Every year on March 8 we celebrate International Women’s Day (IWD). We welcome the opportunity to recognize women’s many achievements and foster a culture in which we can unlock our full potential. But dedicating just one day a year is not enough for an endeavor that addresses half the world’s population.
Throughout my 25-year career, gender equality in law has been an ongoing and urgent topic of discussion. But progress is slow. Women still account for only 20% of law firm equity partners despite making up half of law school graduating classes, according to a 2019 American Bar Association and American Lawyer Media Intelligence study.
With that in mind, I applaud the theme for this year’s IWD: “Each for Equal.” We each have a responsibility to examine what steps we individually and our organizations collectively can take to make the world a more equal place. In the context of legal services, clients are starting to take such proactive steps.
How clients are influencing change
In the past year, we have seen growing pressure by clients on law firms to improve their diversity. This matters! The incentive to change is especially profound when it comes from clients who hold the purse strings.
In a recent Q&A, rising star Saadia Bhatty of the law firm Gide described a memorable pitch her firm made to one of the largest companies in France. All 10+ members of the in-house team interviewing the law firms were women, and it was made clear to the pitching law firms that: "When you send over a team to pitch and there are no women on the team or it's led by a non-woman, it's insulting for us who are making the decision." Saadia’s team made it onto the panel, but in the process completely changed their approach to pitching, which included releasing their diversity numbers.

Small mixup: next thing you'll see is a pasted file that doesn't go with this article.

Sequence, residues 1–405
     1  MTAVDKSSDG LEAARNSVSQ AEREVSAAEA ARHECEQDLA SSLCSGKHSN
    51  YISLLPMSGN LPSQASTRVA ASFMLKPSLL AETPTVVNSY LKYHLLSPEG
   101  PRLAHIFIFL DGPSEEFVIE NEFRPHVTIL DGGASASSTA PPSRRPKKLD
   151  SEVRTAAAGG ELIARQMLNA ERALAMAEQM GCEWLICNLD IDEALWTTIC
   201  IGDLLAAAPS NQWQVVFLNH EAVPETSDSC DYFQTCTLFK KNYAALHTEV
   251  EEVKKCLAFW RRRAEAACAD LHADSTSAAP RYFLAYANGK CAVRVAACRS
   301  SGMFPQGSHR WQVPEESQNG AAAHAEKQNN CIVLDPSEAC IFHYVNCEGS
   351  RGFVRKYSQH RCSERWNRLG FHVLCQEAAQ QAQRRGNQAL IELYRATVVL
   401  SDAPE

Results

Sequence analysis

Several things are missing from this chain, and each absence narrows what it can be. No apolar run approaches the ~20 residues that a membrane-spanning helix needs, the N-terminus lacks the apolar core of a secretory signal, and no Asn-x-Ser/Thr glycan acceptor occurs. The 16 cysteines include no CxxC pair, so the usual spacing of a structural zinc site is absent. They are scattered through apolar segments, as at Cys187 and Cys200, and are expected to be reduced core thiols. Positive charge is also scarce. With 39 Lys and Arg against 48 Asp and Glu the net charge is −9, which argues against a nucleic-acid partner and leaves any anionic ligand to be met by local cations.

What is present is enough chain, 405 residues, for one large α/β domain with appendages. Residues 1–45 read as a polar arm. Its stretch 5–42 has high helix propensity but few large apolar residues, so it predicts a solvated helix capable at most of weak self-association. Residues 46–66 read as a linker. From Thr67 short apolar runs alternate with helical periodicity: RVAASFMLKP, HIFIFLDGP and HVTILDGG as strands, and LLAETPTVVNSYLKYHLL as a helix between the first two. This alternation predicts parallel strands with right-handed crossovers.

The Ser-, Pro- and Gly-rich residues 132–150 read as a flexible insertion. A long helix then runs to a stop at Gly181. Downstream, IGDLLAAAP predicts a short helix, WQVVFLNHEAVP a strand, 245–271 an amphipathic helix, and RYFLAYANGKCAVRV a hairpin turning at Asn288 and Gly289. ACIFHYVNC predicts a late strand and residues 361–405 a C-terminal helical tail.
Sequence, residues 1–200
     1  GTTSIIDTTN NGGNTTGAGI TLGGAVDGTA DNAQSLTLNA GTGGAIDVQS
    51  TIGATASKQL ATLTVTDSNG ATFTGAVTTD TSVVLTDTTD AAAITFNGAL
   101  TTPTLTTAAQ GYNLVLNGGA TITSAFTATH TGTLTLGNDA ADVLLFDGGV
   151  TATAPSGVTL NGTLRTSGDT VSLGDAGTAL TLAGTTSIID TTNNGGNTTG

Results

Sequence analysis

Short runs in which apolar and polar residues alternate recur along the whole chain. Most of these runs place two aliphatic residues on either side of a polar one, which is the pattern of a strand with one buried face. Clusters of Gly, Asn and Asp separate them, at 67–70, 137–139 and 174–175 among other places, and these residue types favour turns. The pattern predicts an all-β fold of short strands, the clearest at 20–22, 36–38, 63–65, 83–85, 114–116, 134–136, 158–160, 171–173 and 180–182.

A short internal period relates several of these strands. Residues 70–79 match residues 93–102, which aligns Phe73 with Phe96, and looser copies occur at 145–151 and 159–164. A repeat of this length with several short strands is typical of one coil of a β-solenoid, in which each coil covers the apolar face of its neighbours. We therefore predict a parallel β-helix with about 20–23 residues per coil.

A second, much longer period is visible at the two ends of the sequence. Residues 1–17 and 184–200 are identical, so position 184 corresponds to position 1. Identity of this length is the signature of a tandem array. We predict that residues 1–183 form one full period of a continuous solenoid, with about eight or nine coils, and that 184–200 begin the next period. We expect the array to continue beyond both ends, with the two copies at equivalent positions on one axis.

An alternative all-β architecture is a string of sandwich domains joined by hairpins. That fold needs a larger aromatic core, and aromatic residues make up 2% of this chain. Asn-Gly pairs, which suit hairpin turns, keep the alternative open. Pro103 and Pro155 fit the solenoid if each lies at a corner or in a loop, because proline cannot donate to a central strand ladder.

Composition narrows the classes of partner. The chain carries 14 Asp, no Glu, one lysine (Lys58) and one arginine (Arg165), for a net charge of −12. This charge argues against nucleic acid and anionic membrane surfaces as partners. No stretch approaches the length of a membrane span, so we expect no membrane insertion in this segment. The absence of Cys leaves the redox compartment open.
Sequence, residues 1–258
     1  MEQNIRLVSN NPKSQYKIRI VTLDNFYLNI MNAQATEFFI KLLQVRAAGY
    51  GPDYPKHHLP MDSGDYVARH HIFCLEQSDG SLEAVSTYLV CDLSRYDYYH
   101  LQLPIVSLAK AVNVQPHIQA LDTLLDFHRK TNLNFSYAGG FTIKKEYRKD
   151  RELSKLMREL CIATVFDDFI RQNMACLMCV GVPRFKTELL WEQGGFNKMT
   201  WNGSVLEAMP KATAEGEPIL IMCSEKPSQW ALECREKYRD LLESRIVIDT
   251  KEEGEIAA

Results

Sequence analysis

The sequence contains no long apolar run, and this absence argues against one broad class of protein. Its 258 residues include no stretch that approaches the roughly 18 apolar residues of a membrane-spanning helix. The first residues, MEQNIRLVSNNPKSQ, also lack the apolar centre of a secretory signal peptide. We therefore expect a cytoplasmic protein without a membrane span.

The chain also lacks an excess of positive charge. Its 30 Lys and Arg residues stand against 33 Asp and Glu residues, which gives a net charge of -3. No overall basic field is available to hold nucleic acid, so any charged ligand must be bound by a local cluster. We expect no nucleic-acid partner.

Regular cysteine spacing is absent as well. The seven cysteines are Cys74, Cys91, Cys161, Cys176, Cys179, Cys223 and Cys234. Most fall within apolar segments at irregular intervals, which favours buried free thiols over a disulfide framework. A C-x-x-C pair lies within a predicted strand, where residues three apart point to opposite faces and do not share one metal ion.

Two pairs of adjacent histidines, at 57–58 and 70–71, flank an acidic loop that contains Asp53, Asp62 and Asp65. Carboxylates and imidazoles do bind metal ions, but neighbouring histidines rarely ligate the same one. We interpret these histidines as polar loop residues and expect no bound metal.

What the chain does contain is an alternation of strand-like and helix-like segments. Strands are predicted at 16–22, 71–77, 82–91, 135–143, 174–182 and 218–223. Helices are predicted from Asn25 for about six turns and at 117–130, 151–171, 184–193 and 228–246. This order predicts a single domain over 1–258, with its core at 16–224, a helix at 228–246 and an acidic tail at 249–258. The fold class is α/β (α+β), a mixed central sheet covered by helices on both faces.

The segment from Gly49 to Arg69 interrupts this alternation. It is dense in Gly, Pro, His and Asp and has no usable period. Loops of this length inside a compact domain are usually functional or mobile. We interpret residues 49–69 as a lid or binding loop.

This is not an isolated example. Facebook, HP, MetLife, Intel and other Fortune 500 companies track diversity and penalize service providers that fail to meet specific diversity requirements, and they have been deliberately public about it. GCs are now asking law firms both for diversity statistics and whether there are women leading their matters. Most notably, last year 170 top GCs penned an open letter to law firms demanding that they actively improve diversity or risk losing their business. The letter got the attention it was designed to draw; it resulted in a detailed set of strategies and tactics that in-house legal departments can use to improve outside counsel diversity.
In-house counsel have recognized their role as influencers of law firm culture and are taking on responsibility for building a more equitable industry.
The Equity Project: Legal finance as an equalizer
The impetus for The Equity Project was borne out of the realization that very few of the cases presented to Burford for funding were led by women.
With the Equity Project, Burford has earmarked a $50 million pool of capital for women-led litigation or arbitration matters. We recognize that if you are trying to change the culture of law you have to start with law firm economics—which is why pressure from clients is so effective.
Law firm success is intrinsically linked to origination credit and building a book of business. Equity Project capital shifts risk from the law firm or client to Burford, enabling women lawyers to differentiate themselves from competitors and demonstrate to clients that they can affirmatively pursue meritorious litigation without taking on additional risk.
In a competitive industry like law, financial incentives are effective. They not only provide a business case for putting forward women lawyers, but they help to facilitate the conversation around the gender gap, shedding light on the problem and the potential solutions.
Burford remains committed to being at the forefront of driving this change until we achieve true gender equity in law. Until then we must “each” continue to push for “equal.”